• Own a vehicle valued at $25,000 or less
  • Meet income requirements based on your family size

The driver at fault pays for damage after an accident

California is an at-fault state, which means that the driver who caused the car accident pays for the damage. Your insurance company and legal authorities will determine who’s at fault, based on the accident details.

However, California also factors in whether both drivers are partially at fault under a law called pure comparative negligence, according to the legal website Nolo. Under this law, both drivers pay for the percentage of damage that they cause.

For example, if you’re 80% responsible for an accident, your insurance pays 80% of the other driver’s damages. Likewise, the other driver’s insurance pays 20% of your damages.

Driving with your phone in hand is illegal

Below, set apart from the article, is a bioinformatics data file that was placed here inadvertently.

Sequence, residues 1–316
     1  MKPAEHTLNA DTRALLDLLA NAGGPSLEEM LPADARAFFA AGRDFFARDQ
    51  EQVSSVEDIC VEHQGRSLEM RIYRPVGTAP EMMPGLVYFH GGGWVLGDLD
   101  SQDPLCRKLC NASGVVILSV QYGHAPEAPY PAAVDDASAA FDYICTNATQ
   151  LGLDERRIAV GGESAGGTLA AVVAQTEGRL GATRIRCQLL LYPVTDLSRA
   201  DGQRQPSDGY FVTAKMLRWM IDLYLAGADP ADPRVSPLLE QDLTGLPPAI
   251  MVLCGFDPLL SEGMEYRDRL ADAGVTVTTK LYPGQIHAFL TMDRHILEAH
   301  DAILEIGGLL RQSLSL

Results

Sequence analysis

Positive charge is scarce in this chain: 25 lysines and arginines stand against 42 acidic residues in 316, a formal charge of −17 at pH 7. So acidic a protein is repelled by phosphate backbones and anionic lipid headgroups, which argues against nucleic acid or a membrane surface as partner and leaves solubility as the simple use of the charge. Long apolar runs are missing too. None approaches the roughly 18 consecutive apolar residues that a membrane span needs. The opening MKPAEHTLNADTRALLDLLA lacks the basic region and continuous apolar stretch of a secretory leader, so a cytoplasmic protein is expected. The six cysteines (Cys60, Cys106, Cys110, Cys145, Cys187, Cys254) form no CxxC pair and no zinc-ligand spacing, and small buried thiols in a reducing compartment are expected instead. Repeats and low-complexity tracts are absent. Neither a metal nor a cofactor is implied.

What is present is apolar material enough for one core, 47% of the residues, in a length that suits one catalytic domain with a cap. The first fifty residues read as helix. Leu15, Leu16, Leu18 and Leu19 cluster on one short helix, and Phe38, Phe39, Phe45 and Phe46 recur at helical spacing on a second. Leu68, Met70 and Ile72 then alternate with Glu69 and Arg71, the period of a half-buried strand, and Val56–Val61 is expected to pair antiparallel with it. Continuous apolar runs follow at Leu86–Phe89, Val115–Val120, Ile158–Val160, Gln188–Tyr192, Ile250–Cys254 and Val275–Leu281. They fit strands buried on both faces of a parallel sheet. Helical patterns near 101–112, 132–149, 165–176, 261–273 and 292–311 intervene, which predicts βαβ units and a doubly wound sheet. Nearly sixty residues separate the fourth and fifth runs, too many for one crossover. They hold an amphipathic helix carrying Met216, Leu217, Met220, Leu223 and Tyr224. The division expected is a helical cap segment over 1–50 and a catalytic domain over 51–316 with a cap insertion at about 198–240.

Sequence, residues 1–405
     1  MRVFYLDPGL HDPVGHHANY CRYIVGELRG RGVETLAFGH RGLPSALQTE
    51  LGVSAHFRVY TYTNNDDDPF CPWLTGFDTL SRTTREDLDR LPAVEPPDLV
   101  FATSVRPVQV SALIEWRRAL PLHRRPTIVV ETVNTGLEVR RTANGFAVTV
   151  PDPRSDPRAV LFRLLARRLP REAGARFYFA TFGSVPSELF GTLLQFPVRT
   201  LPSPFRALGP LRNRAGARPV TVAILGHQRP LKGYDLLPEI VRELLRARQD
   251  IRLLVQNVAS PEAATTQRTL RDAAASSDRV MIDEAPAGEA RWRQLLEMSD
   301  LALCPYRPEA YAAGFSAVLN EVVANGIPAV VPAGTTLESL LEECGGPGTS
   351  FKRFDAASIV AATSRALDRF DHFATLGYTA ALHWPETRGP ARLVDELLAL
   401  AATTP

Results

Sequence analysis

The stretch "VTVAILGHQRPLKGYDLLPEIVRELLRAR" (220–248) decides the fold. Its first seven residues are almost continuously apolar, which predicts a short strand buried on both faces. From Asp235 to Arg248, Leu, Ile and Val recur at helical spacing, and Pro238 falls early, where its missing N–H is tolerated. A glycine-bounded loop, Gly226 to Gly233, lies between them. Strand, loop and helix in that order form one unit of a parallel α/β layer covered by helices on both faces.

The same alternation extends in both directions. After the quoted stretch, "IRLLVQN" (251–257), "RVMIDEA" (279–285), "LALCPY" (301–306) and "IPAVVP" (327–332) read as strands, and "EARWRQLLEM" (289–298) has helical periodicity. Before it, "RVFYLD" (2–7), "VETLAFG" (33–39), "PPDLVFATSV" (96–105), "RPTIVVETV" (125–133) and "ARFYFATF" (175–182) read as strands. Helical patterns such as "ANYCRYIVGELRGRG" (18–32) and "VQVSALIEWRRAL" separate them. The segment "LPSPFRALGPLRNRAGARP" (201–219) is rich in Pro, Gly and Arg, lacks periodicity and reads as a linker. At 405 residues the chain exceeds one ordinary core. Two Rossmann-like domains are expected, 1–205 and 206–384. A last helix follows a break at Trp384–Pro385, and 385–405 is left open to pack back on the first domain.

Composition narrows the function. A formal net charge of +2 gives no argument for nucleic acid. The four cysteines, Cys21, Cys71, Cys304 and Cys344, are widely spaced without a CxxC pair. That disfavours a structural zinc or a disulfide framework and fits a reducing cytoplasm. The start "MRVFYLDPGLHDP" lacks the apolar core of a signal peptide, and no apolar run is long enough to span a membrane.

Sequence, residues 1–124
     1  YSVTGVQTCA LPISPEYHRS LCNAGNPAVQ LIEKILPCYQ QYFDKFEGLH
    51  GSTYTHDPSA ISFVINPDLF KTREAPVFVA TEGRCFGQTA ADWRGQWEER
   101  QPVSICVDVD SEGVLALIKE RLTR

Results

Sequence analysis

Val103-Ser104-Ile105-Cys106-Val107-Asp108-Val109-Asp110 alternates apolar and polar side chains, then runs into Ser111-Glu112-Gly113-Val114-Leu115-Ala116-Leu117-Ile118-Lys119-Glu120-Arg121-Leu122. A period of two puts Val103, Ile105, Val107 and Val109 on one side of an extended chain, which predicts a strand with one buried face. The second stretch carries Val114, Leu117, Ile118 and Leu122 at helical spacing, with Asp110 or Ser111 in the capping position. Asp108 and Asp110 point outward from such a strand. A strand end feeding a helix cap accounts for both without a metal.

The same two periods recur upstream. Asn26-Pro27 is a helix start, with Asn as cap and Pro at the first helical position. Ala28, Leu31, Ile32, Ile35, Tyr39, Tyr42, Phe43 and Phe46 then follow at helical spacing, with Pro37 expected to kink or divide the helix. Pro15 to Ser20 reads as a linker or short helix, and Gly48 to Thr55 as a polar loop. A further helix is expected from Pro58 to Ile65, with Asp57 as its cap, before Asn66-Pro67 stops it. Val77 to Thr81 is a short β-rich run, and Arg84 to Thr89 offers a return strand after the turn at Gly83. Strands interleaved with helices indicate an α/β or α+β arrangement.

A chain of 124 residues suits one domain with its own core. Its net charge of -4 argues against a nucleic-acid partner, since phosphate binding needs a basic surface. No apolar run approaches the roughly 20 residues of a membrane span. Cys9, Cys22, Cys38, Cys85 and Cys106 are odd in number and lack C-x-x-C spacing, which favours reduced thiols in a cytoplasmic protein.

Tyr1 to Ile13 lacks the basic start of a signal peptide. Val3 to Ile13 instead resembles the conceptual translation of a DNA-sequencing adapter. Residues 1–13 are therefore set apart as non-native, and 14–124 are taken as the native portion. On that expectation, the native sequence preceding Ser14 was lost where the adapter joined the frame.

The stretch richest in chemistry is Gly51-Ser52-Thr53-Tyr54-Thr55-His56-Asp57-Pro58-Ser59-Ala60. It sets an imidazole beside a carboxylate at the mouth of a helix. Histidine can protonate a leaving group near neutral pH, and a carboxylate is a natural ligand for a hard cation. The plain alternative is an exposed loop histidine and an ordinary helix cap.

Any mobile phone use besides hands-free calling is illegal while driving in California. Plus, drivers under 18 years old can’t use a phone while driving even if the drivers use it hands free, according to Nolo.

If you do, you could be fined up to $250 after surcharges are added to the ticket. Officers add surcharges called penalty assessments to most violations.

You have 20 days to register your car in California

If you move to California, you’ll need to register your car in the state within 20 days of becoming a resident. To register, fill out the application for registration, bring your car’s current title and registration and show proof of insurance to your Department of Motor Vehicles (DMV). You’ll also need to pass a smog inspection unless your car qualifies to bypass the inspection.

Get a rebate for driving a zero-emissions vehicle

You may qualify for California’s Clean Vehicle Rebate Project if you own certain hydrogen fuel cell, battery electric or hybrid electric vehicles. Zero-emissions motorcycles also may qualify. The rebate typically falls between $1,000 and $4,000, although rebates can go as high as $7,000.

    Bottom line

    Although you’ll find alternative options for car insurance in California, it’s a good idea to carry a personal policy. Research your insurance options to make sure you have the coverage the state and your circumstances require.